Matthew 5:24 Parallel Verses [⇓ See commentary ⇓]

Matthew 5:24, NIV: leave your gift there in front of the altar. First go and be reconciled to them; then come and offer your gift.

Matthew 5:24, ESV: leave your gift there before the altar and go. First be reconciled to your brother, and then come and offer your gift.

Matthew 5:24, KJV: Leave there thy gift before the altar, and go thy way; first be reconciled to thy brother, and then come and offer thy gift.

Matthew 5:24, NASB: leave youroffering there before the altar and go; first be reconciled to your brother, and then come and present youroffering.

Matthew 5:24, NLT: leave your sacrifice there at the altar. Go and be reconciled to that person. Then come and offer your sacrifice to God.

Matthew 5:24, CSB: leave your gift there in front of the altar. First go and be reconciled with your brother or sister, and then come and offer your gift.

What does Matthew 5:24 mean? [⇑ See verse text ⇑]

Jesus has shown how deeply God cares about the hearts of His people. In recent examples, He has placed inner attitudes, like anger, into the same category of "sin" as murder (Matthew 5:21–22). In fact, Jesus said that one who angrily insults or condemns another in anger is liable to the hell of fire. Avoiding unresolved conflict is so important, in fact, that even the most sacred action should be postponed until a reconciliation can be made with another person (Matthew 5:23).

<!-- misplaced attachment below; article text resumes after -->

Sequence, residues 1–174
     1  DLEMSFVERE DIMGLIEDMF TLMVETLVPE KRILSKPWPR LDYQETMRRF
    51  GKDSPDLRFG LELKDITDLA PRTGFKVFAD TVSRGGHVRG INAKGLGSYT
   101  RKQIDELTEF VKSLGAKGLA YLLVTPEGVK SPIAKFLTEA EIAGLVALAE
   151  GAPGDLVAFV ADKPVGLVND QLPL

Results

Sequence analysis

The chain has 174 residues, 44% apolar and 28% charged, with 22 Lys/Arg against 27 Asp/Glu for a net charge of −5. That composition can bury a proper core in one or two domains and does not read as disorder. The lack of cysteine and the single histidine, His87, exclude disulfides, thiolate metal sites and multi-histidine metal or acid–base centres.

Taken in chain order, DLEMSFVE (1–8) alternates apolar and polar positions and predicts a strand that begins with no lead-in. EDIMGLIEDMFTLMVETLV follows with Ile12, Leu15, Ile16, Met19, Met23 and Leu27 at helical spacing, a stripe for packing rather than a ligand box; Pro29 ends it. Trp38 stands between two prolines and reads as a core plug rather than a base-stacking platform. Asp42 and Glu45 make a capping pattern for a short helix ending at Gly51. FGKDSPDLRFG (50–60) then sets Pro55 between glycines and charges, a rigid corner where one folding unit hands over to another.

In the previous verse, Jesus placed responsibility on the person who realizes they've given another person cause to be angry. Christ's instruction is to "leave your gift" at the altar instead of finishing what you're doing. Go to your "brother," whether literally or simply a friend or associate, and make things right as soon as possible. Don't wait. Then come back and finish your worship after you've sought reconciliation.

The broad principle of these verses is that our hearts are not right with God if they are not right with each other. We can't worship God with a sincere spirit if we are unrepentant about causing another person legitimate offense.